Physics Seminar by Luke Pinkerton (Hope‘97), Thursday (4/18) at 11 am – VDW104

“Direct Tension Testing” by Luke Pinkerton ’97, CEO Helix Steel

Bio: Luke Pinkerton ‘97, PE (ME) is CEO and founder of Helix Steel. He has a BS in engineering physics from Hope College and an MS in structural engineering from the University of Michigan in 1999. He earned an MBA from Georgia Institute of Technology in 2004.He is an active member of ASTM Committee C09 (chair of direct tension task group), Secretary of ACI 380, consulting member of ACI 332 (residential construction) and associate member ACI 551(tilt-up panels). He was awarded the Concrete Foundations Association Associate of the year in 2018 and Tilt Up Concrete Association’s Robert Aiken Award for Innovation in 2018.

Physics student presentations #3 (summer research in 2023), Thursday (4/4) at 11 am – VDW104

1. “Analyzing Promethium Isotopes To Understand The Origin Of Heavy Elements In The Universe” by Godswill Ogudoro, Mentor Paul DeYoung

The origin of heavy elements in the universe is one of the most prevailing questions in current physics. The r-process is a set of nuclear reactions responsible for the creation of many of the current heavy elements in the universe. Historically, theories about how the r-process occurs have been unclear and flat-out wrong. We now have identified neutron star mergers as where the r-process occurs. I am currently analyzing Promethium isotopes which are an important step in the r-process to create a better model of how heavy elements came about.

2. “Characterization and Testing of SiPMs for a Next-Generation Neutron Detector” by Bishop Carl , Mentor Belen Monteagudo

MoNA-LISA is a position-sensitive neutron detector at the Facility for Rare Isotope Beams (FRIB) used to probe neutron-unbound states through invariant-mass spectroscopy. Position resolution of the neutron detector is a key factor in invariant-mass measurements. A better neutron position would significantly improve the overall reconstructed decay energy resolution and would therefore lead to a better understanding of nuclei near and beyond the dripline. The MoNA collaboration is designing a next-generation neutron detector to improve the current MoNA-LISA resolution (~5cm). The new design will replace the PMTs for SiPM arrays as readout technology. The use of SiPMs (more compact) for neutron detection is being tested within the Collaboration and its performance characterized with a simple detector made up of a circuit board with SiPM sensors coupled to a plastic scintillator. The response of each SiPM has been studied (breakdown voltage and dark current count rate). As position sensitivity is a main requirement for the planned next-generation neutron detector, a multitude of tests with cosmic rays and collimated gamma sources, such as 60Co and 65Zn, have been performed as well to evaluate the new design’s position resolution. Along with these tests, algorithms have been developed to reconstruct the interaction point based on the light collected by the SiPMs. Preliminary results of these ongoing tests will be presented.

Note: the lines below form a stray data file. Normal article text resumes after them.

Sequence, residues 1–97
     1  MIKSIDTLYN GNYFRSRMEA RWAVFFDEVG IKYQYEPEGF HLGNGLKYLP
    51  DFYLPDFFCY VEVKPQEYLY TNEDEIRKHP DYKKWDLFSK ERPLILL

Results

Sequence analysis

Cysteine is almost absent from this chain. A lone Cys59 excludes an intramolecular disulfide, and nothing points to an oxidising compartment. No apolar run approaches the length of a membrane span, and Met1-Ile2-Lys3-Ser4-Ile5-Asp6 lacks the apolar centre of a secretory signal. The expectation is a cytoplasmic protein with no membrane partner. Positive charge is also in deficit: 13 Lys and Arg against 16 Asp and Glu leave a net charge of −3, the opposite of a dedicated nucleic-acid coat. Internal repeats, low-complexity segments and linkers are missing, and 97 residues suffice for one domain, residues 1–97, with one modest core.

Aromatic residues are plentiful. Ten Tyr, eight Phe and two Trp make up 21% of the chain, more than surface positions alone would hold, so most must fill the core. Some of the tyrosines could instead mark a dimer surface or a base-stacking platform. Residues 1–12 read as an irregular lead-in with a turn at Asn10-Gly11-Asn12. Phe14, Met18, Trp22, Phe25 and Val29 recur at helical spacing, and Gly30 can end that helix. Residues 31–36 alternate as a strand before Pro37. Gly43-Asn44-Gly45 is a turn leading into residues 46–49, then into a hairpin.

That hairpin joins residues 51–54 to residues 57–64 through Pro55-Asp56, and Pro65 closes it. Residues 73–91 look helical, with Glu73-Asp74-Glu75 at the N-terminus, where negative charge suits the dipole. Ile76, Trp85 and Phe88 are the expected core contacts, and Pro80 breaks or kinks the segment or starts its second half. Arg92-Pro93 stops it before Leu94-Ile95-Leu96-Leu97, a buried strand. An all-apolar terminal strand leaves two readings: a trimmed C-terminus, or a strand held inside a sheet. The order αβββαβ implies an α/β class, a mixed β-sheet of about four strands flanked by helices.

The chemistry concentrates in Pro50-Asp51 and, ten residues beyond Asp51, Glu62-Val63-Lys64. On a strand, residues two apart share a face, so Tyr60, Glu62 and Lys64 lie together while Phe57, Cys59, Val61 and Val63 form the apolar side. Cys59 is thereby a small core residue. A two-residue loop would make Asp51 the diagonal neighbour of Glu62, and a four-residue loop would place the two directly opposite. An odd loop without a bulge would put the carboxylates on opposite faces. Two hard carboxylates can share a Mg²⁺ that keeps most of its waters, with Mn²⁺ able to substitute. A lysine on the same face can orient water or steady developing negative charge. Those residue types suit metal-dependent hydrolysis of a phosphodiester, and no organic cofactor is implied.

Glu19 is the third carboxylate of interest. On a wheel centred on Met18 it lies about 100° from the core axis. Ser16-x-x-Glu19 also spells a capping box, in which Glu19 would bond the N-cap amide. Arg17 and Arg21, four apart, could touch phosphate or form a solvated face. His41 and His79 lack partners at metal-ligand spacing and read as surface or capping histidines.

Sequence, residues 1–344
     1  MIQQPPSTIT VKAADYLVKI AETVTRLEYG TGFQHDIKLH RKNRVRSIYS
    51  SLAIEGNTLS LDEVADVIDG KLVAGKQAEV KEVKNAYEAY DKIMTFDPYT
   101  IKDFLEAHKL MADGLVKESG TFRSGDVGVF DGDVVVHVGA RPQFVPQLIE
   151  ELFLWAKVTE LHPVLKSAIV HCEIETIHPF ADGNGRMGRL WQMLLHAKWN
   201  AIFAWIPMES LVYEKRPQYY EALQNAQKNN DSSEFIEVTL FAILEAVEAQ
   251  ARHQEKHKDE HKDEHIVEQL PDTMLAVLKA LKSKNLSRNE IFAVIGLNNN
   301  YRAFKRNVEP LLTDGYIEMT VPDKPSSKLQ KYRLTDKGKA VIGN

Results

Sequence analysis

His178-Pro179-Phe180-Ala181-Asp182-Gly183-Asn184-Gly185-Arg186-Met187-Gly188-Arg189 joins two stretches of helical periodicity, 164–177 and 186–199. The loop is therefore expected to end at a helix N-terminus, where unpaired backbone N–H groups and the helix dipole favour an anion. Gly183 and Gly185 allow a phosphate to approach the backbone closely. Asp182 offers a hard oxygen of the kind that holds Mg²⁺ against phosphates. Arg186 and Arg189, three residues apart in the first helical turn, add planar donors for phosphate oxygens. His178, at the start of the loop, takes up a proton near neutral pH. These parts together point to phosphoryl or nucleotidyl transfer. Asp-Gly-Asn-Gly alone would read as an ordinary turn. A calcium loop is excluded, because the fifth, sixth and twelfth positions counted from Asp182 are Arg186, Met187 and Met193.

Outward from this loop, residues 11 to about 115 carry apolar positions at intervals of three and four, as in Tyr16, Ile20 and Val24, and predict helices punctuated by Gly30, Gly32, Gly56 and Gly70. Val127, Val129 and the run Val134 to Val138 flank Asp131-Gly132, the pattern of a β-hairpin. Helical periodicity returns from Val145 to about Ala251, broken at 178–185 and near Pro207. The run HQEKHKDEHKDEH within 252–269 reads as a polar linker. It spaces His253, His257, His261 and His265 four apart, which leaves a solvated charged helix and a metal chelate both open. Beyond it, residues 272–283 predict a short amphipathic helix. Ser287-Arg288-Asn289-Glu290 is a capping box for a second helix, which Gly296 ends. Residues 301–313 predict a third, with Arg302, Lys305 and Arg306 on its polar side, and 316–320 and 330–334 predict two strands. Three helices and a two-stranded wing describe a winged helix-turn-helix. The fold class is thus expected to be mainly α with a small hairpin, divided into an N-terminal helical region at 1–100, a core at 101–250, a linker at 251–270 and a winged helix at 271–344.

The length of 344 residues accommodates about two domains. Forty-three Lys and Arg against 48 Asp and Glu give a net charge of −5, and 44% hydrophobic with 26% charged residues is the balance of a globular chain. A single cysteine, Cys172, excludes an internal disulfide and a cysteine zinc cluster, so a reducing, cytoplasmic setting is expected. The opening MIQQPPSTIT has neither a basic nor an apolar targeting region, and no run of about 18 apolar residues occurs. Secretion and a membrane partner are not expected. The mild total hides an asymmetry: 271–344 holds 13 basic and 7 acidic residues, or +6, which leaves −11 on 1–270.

Physics Seminar by Dr. Kyuil Cho, Thursday (3/28) at 11 am – VDW104

Title: Room temperature superconductor! Is it possible?
Abstract: Superconductor is a material that shows two special properties: zero resistance and Meissner effect (expulsion of magnetic field) below its critical temperature. Thanks